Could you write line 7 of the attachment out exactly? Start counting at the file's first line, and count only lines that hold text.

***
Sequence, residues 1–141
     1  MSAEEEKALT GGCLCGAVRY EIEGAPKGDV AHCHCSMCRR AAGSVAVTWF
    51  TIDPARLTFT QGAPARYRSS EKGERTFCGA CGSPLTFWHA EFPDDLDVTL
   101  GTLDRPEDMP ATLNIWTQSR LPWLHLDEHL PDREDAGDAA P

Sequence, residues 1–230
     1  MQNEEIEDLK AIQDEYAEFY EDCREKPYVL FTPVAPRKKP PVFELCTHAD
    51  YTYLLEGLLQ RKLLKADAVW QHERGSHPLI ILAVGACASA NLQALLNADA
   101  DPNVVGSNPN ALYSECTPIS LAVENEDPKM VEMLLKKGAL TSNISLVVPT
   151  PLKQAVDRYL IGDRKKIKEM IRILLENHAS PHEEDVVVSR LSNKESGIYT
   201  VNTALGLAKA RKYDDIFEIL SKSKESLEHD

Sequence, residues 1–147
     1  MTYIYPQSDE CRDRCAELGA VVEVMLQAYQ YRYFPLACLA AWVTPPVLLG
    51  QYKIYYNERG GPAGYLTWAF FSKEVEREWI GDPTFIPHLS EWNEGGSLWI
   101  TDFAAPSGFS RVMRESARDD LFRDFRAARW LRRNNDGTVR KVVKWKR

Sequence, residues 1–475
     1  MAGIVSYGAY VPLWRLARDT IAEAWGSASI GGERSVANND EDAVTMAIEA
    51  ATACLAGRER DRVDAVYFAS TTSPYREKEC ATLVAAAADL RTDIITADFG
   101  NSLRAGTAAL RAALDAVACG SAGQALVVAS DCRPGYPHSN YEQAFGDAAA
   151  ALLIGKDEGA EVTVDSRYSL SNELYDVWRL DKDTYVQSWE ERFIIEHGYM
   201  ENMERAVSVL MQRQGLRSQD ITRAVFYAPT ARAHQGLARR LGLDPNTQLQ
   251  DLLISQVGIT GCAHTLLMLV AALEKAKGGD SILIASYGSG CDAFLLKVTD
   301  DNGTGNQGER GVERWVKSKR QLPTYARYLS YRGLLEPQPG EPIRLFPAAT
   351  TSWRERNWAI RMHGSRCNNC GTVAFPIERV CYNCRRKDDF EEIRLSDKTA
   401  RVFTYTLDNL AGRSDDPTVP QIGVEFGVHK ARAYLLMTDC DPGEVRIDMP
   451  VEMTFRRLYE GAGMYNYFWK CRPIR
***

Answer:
    51  YTYLLEGLLQ RKLLKADAVW QHERGSHPLI ILAVGACASA NLQALLNADA